Wheatley Honors Legacy of Barbara Jordan at Black History Month Celebration

U.S. Attorney General Eric Holder visits school to honor the late congresswoman and Wheatley alumna

February 15, 2012

She was a leader in the civil rights movement and the first southern black female elected to the U.S. House of Representatives. She also was a graduate of HISD's Wheatley High School. On Tuesday, Feb. 13, black leaders from throughout the city, state, and nation gathered at Wheatley to celebrate the life and legacy of Barbara Jordan and to encourage HISD students to follow in her footsteps of civic engagement.

Joining in the celebration was U.S. Attorney General Eric Holder, the first African-American to hold the presidential cabinet position.

"It is in Barbara Jordan's honor that we gather today to not only celebrate her extraordinary contributions and achievements, but also to discuss how we can and why we must extend her work," Holder said. "Barbara Jordan not only was a proud Wheatley graduate, but she was also a firm believer in the ability of Americans to bridge long-standing divisions, to overcome a history of injustice and inequality, and to build a future that reflects our nation's founding ideals. She is one of my personal heroes and we must recognize the path she laid for each and every one of us."

Joining Holder was Rose Mary McGowan, the sister of Barbara Jordan, as well as U.S. Congresswoman Shelia Jackson Lee, who helped organize the event which included performances by Wheatley band and choral students as well as national gospel recording artist Kathy Taylor. Local televison news anchors Melanie Lawson and Khambrel Marshall emceed the event in the school's auditorium which was packed with Wheatley and Barbara Jordan High School students as well as local leaders, ministers and community members.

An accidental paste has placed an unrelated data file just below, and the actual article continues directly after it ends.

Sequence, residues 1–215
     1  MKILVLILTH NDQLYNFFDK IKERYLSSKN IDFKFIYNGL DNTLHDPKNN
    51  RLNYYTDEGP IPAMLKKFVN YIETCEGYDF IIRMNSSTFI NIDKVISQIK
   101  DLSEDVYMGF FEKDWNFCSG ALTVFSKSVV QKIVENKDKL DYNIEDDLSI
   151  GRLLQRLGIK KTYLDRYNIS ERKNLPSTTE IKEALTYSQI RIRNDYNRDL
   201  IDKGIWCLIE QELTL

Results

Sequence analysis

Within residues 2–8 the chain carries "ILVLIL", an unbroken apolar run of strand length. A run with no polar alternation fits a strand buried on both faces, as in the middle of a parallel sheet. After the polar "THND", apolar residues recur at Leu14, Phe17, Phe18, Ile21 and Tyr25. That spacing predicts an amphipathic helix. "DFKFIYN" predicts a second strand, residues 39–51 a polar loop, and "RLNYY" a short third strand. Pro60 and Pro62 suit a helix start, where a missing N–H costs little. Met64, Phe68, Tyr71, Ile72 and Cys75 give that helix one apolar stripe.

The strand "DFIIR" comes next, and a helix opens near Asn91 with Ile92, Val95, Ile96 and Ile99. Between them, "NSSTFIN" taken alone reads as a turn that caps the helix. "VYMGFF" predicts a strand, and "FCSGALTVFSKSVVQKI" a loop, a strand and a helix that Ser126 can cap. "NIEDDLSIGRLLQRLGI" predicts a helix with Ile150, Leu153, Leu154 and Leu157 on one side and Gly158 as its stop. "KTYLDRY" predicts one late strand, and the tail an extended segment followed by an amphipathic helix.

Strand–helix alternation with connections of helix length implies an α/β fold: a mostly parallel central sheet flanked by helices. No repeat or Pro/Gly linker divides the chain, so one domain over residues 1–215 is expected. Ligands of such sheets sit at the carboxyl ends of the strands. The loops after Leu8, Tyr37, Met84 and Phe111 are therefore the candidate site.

"This event was really for the children and for them to celebrate the history of the men and women who walked the halls of Wheatley before them," Jackson Lee said. In addition to Jordan, Wheatley boasts of several other notable black leaders including the late U.S. Congressman Mickey Leland and current state Rep. Harold Dutton, who also spoke at the event.

In addition to celebrating history, Jackson Lee pointed out to students that they themselves were making history by welcoming the U.S. Attorney General to the Fifth Ward. Holder and Jackson Lee during their visit to Wheatley also met with students in small groups to discuss various issues from voting rights to getting involved in their community.

"I learned so much," said Wheatley sophomore Joanna Byrd. "All the people that went before me, it just motivates me to do better. I stand on their shoulders and they created a great foundation for me."